It's not easy to find comfortable places to stay elsewhere in the solar system. However, Geoffrey Landis, a scientist at NASA's Glenn Research Center, suggests that Venus might be a good place to look.
I know what you're thinking. Venus? Surface temperature of 914 degrees Fahrenheit (490 degrees Celsius) with about 92 times the atmospheric pressure of Earth's surface? Doesn't sound very hospitable.
However, Landis, a science fiction writer in his spare time, suggests that we think a bit outside the box. In a recent interview, he suggested building a city in the clouds about 31 miles (50 kilometers) above the surface.
At that altitude, the atmosphere of Venus is at its most Earth-like. The atmosphere has an air pressure of about one bar and the temperature ranges in the 32-122 degrees Fahrenheit range (0-50 degrees Celsius). You'd need breathing apparatus, but probably not a space suit.
Landis adds that a city might not be as difficult to build and to keep afloat as you might think.
"Because the atmosphere of Venus is CO2, the gases that we live in all the time, nitrogen and oxygen, would be a lifting gas," Landis said. "On Earth, we know to get something to lift, you need something lighter than air. Well, on Venus, guess what? Our air is lighter than air, or at least lighter than the Venus atmosphere."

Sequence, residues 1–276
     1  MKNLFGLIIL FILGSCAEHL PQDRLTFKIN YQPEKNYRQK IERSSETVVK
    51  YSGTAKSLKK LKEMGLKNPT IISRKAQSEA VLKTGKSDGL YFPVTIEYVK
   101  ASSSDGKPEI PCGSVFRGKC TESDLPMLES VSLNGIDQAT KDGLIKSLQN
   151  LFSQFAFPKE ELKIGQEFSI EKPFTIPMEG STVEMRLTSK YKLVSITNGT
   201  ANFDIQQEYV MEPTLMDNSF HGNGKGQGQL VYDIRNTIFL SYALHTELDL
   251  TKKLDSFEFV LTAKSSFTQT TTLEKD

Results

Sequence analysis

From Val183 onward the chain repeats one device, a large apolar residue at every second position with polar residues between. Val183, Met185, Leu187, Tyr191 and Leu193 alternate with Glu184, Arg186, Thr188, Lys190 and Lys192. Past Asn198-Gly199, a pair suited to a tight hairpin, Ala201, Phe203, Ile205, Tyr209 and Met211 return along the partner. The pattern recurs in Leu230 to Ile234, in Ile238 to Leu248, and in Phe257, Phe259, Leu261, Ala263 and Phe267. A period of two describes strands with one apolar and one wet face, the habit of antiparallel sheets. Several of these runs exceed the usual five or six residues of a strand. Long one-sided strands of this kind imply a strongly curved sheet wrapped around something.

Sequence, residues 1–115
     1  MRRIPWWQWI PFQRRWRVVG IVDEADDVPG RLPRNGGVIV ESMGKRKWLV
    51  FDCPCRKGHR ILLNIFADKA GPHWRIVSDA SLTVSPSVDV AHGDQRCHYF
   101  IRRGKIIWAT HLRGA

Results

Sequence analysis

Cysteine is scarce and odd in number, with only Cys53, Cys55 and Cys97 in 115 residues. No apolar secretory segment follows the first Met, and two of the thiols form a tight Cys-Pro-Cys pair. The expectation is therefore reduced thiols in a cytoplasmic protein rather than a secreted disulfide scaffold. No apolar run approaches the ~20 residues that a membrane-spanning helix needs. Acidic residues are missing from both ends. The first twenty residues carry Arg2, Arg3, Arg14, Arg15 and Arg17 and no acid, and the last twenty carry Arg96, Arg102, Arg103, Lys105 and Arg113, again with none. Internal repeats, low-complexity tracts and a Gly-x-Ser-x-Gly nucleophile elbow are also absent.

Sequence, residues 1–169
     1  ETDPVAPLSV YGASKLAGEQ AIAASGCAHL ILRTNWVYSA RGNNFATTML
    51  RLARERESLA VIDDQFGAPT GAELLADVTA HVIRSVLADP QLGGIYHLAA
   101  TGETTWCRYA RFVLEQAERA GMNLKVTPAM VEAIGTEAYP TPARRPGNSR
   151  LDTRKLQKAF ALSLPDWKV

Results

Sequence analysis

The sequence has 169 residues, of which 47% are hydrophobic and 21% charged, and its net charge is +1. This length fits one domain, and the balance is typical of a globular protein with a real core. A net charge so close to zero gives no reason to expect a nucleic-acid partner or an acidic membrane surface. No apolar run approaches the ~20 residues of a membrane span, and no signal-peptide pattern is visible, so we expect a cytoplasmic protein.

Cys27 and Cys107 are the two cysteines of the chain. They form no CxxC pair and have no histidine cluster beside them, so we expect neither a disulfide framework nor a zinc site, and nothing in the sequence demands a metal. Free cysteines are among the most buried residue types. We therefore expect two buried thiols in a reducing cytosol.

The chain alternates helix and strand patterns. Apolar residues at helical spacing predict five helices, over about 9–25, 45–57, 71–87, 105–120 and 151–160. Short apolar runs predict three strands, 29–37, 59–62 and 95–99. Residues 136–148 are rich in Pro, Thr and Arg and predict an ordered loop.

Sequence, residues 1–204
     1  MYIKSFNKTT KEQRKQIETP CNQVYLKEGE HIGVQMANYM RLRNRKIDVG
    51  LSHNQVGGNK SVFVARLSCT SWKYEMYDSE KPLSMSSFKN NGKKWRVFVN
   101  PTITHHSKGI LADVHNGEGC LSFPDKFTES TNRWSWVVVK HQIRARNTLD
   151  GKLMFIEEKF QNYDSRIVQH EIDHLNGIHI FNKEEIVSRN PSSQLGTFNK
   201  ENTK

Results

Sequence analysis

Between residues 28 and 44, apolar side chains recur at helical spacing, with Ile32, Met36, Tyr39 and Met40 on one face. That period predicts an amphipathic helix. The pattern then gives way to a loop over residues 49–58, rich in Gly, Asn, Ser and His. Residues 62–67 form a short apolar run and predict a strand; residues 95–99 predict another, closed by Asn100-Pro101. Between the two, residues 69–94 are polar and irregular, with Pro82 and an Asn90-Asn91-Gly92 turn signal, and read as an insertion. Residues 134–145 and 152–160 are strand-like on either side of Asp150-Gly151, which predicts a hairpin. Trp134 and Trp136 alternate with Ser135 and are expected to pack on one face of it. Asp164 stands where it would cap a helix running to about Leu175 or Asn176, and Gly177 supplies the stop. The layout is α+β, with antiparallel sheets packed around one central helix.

"If you could just take the room you're sitting in and replace the walls with something thinner, the room would float on Venus," he remarked.
SF fans are no doubt hoping that Lando Calrissian will be available to act as administrator; as long as you're building Cloud City, you might as well do it right.
Star Wars fans may recall that Cloud City is an installation on the planet Bespin, first seen in The Empire Strikes Back in 1980. Bespin has a habitable layer from about 93-112 miles (150-180 kilometers) down from space with an oxygen atmosphere and normal pressure.
Another example of this idea in science fiction is Stratos City from the 1969 Star Trek episode The Cloud Minders.
Readers with an interest in the classics know that this is not a new idea; the floating island of Laputa forms one of the wondrous locations of interest in Jonathan Swift's book Gulliver's Travels, which was published in 1728.
(This Science Fiction in the News story used with permission of Technovelgy.com)
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